Javascripe Electronic Notebook
by Martin E. Meserve
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Attenuators | H-Pad
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The diagram below is a H-Pad Attenuator. It's called a T-Pad because the
components of the circuit form the letter T. It consists of two series arm
resistors (R1 and R2) and one parallel resistor (R3).
This type of attenuator is considered Unbalanced and is commonly
designed with Z1 and Z2 equal. This configuration is then Symmetrical as
R1 and R2 are equal values.
Making Z1 not equal to Z2 can cause the
calculated circuit values for the series arm resistors to be negative. In these cases
you will need to increase the Attenuation, high enough to make the values positive.
In the boxes provide below,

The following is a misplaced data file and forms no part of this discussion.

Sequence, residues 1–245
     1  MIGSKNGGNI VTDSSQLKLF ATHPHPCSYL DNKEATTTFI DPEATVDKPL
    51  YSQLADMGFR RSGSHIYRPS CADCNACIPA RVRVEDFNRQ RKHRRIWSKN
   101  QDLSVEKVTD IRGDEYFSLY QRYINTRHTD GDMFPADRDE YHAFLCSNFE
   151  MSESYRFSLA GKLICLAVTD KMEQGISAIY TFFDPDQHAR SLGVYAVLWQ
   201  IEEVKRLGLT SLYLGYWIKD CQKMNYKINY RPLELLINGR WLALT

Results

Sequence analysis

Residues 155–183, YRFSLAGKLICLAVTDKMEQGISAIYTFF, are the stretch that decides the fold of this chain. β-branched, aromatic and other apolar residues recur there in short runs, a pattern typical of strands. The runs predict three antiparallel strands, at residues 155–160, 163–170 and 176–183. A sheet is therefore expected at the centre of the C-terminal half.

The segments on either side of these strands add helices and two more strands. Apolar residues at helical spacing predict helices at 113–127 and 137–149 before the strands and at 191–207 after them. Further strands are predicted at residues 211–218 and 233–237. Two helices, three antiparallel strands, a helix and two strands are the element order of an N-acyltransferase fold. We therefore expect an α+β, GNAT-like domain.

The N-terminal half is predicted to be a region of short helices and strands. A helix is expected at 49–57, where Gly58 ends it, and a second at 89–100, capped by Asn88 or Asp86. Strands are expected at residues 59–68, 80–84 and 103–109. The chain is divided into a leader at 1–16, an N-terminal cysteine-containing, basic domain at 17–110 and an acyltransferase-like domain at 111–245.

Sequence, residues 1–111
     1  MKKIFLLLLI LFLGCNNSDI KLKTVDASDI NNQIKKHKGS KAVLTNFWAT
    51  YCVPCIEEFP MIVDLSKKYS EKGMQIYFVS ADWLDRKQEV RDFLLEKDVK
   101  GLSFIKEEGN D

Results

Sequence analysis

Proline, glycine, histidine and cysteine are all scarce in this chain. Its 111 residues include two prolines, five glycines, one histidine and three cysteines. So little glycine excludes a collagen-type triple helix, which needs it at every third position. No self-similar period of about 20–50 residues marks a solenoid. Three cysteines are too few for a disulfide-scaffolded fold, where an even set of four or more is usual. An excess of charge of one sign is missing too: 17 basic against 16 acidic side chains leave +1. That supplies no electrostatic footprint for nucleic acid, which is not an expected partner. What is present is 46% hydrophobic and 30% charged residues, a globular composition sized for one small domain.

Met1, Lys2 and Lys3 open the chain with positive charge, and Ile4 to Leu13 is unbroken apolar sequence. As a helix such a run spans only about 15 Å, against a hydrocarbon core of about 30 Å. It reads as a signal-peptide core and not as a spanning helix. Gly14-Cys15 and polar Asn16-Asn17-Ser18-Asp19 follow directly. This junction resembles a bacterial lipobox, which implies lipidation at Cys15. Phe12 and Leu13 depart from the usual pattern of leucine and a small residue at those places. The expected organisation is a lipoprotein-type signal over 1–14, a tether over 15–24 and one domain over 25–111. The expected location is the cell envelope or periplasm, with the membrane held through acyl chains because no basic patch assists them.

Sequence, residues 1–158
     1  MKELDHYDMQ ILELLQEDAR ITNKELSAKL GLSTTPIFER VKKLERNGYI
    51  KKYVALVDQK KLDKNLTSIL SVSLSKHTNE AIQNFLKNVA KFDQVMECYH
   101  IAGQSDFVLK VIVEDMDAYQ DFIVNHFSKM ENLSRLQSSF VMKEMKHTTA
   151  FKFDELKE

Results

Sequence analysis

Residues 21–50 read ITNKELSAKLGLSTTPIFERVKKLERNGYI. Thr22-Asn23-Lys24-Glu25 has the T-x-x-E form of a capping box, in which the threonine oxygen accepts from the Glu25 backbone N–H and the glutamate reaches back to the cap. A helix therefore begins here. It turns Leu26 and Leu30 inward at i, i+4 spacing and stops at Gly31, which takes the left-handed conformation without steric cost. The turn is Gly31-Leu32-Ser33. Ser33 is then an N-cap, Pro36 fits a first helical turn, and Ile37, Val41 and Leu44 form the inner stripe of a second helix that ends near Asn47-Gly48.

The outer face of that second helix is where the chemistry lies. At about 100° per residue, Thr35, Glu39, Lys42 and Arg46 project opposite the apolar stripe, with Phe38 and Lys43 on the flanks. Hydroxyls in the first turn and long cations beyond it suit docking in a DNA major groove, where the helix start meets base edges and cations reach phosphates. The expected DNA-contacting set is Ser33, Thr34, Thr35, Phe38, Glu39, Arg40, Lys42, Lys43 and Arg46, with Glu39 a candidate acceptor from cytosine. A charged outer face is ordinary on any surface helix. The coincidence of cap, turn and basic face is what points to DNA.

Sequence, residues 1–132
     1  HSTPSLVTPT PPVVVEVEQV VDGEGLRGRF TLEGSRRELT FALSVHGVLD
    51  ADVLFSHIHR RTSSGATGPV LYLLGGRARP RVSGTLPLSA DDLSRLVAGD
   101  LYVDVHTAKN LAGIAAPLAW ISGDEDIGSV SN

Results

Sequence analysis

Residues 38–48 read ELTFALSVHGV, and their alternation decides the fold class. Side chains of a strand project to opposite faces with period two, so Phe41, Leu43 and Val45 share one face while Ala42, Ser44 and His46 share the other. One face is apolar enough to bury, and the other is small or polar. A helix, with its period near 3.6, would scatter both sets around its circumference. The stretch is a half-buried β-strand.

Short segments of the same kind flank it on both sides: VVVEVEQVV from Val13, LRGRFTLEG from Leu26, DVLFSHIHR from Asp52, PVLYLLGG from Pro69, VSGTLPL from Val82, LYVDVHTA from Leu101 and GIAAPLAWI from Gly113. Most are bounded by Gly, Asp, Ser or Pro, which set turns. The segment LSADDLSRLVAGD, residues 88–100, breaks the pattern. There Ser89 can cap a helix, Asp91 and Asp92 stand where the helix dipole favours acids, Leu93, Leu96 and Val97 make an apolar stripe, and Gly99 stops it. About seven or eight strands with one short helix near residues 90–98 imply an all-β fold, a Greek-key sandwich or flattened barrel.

enter the required Input Impedance (Z1), Output Impedance (Z2), and
required Attenuation (A), in db. The resistor values necessary, to
realize this configuration, will then be calculated.
Note: After entering your
data click anywhere outside of the boxes and the new outputs will be calculated.
The exact resistor values needed
for an attenuator, with a Input Impedance (Z1) of x,
an Output Impedance (Z2) of x, and
an Attenuation (A) of x, are
Real World Values
For the design specified above,
the nearest standard 5% resistors are listed below. These values, not being exact, will
cause the Input/Output Impedances, and the Attenuation, to be slightly higher.
Note: Standard resistor values may not
be accurate for resistances less than 10 Ohms.
If you require greater
accuracy in the resistor values, you can use the closest 1% tolerance resistors,
or you can use two standard 5% resistors in parallel to approximate each of the resistor
arm values. The resulting resistances will be within 1% of the specified values.
The Delta below shows the difference between the original calculated value and
the parallel resistor combination.